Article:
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Silko's ambitious but meandering novel untertakes an epic narrative, heavy with intrigue and carnage, about an apocalyptic Native American insurrection. Author tour.
Copyright 1992 Reed Business Information, Inc.
When the ex-mistress of a sinister cocaine wholesaler takes a job as secretary to a Native American clairvoyant who works the TV talk show circuit, she begins transcribing an ancient manuscript that foretells the second coming of Quetzalcoatl and the violent end of white rule in the Americas. Witches and shamans across the country are working to fulfill this prophecy, but the capitalist elite is mounting a dirty war of its own, with weapons such as heroin and cocaine. This novel belongs on the same shelf with Ishmael Reed's Mumbo Jumbo ( LJ 10/1/72) and Edward Abbey's The Monkey Wrench Gang (1975). Occult conspiracies multiply at a dizzying pace, and eco-radicals actually do blow up the Glen Canyon Dam. Silko succeeds more as a storyteller than a novelist: the book is full of memorable vignettes, but the frame story of apocalyptic racial warfare is clumsy comic book fare. Recommended for collections of magic realism and Native American fiction.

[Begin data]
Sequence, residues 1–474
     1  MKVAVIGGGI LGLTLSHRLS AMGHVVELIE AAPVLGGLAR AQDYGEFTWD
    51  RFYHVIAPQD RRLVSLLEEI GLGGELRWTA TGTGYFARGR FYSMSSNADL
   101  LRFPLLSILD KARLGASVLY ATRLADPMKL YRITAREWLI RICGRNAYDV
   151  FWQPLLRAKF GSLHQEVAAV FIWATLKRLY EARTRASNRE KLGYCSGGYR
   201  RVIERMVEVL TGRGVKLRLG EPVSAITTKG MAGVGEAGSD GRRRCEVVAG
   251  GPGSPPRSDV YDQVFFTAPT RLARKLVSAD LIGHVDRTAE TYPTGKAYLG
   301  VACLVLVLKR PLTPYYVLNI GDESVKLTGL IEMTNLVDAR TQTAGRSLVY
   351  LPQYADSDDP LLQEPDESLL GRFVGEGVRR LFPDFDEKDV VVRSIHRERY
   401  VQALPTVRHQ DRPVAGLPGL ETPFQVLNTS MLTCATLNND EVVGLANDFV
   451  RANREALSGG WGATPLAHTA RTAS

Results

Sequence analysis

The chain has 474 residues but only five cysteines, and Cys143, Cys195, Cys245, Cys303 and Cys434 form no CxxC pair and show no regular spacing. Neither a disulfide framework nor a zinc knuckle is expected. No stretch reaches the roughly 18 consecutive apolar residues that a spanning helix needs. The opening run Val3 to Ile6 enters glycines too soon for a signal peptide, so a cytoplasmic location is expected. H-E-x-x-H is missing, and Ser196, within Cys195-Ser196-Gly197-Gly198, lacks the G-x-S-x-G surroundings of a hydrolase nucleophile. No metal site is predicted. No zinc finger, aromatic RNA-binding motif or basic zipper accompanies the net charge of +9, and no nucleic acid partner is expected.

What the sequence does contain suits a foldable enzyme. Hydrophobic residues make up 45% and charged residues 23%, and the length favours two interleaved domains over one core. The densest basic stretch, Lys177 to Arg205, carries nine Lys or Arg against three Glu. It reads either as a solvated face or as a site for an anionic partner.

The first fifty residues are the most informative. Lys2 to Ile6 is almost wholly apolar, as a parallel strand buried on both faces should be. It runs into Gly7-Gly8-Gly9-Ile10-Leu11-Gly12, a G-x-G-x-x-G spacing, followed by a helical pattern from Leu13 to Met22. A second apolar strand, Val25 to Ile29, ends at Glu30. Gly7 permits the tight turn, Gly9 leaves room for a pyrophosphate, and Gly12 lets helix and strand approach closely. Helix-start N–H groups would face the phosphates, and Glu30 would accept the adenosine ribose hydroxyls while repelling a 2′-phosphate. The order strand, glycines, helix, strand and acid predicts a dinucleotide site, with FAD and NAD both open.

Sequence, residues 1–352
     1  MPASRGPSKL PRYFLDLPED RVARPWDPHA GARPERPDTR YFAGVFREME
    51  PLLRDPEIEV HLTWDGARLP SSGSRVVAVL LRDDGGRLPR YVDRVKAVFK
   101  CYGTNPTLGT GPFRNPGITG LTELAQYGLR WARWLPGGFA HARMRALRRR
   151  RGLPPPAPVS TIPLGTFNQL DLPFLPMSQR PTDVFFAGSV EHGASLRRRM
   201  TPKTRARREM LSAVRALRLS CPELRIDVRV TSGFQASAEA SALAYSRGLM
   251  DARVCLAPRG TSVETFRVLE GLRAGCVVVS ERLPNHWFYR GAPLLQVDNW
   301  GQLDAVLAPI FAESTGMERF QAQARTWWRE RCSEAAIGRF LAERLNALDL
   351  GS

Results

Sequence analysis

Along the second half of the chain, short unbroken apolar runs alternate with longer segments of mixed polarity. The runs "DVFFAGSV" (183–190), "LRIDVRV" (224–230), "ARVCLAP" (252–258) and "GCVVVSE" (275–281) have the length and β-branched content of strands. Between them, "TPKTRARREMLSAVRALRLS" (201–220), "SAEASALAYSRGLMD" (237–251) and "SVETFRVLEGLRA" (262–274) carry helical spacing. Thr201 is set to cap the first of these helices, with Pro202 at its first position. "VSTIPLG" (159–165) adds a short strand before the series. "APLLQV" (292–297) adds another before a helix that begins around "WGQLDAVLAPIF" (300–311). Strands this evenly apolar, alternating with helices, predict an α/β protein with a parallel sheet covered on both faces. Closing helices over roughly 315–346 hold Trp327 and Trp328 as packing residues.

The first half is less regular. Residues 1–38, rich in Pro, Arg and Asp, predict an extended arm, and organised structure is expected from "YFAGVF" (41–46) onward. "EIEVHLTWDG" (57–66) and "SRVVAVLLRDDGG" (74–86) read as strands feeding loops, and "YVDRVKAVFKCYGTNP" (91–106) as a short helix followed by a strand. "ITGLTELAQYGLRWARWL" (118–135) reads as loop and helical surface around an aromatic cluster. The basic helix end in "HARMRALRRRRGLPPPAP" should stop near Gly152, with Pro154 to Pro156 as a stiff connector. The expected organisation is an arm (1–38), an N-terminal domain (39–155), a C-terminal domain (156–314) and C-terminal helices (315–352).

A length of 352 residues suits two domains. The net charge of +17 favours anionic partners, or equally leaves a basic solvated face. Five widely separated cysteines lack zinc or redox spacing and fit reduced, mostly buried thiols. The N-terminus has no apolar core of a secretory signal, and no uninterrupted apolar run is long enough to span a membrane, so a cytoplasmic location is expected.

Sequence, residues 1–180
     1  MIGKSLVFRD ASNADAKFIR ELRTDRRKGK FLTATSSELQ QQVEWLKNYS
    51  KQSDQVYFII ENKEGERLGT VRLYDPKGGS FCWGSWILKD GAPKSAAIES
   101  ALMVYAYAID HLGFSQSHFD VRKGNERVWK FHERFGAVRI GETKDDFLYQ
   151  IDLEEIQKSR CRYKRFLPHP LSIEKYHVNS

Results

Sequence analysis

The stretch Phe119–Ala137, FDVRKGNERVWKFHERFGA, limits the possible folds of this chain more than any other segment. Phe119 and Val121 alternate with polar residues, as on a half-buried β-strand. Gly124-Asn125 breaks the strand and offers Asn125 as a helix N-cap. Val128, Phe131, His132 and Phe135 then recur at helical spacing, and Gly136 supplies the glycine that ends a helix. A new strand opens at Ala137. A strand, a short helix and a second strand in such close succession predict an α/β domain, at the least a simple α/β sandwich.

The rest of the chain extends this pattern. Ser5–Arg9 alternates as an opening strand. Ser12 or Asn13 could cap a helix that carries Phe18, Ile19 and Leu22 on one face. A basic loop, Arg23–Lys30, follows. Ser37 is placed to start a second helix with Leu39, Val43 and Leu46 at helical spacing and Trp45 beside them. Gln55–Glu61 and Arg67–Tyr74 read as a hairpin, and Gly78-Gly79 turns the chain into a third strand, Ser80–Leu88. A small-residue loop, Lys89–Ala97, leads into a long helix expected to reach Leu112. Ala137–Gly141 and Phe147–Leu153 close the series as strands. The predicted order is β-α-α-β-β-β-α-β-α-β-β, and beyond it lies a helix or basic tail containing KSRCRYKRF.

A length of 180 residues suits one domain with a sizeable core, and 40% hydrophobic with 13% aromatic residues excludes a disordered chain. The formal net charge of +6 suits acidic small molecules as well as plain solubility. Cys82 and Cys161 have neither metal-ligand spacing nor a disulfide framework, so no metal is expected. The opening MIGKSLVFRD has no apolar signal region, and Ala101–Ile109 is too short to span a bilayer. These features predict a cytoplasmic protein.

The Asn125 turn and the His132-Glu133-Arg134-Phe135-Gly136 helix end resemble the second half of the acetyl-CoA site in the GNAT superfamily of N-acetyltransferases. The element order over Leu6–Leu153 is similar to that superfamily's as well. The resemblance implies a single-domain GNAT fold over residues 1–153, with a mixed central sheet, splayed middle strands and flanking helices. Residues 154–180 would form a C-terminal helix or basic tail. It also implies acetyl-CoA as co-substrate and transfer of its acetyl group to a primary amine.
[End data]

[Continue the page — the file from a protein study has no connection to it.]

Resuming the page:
- Edward B. St. John, Loyola Law Sch . Lib., Los Angeles
Copyright 1991 Reed Business Information, Inc. --This text refers to an out of print or unavailable edition of this title.
Leslie Marmon Silko has created an intensely profound window into the deep undercurrents of American civilization. Read morePublished on April 16 2004
I am a Native American woman, and I found this book empowering, depressing and very raw. I can see people that I know in the characters in the book as well as having had some of... Read morePublished on Oct. 7 2002
Wow, what a concept...we finally have a Native American stream-of-consciousness novel! Enough of these white-man's dreams like The Tunnel or Gravity's Rainbow, we finally are... Read morePublished on Oct. 4 2000 by Zentao
Not nearly as complex as some would like to make it. The "land" interacts with people to manifest its spirits. Read morePublished on Sept. 4 2000 by Zane Ivy
This happens to be one of my favorite books of all time--yes, it's "disturbing", rambling, complex, and shocking. Read morePublished on July 14 2000
I found Silko's book too disturbing to keep on reading. I understand that the disturbing nature of the work is the point of the book, but it was too depressing (and,as another... Read morePublished on April 6 2000
What can I say but I loved this book. Got it because a friend mentioned it and he was not wrong. It is a deep book and one has to concentrate a bit in order to follow all the... Read morePublished on June 11 1999
Anybody who thinks this is merely fiction is mistaken. This is reality, and it is happening as I type. Read morePublished on May 9 1999 by Marc Rikmenspoel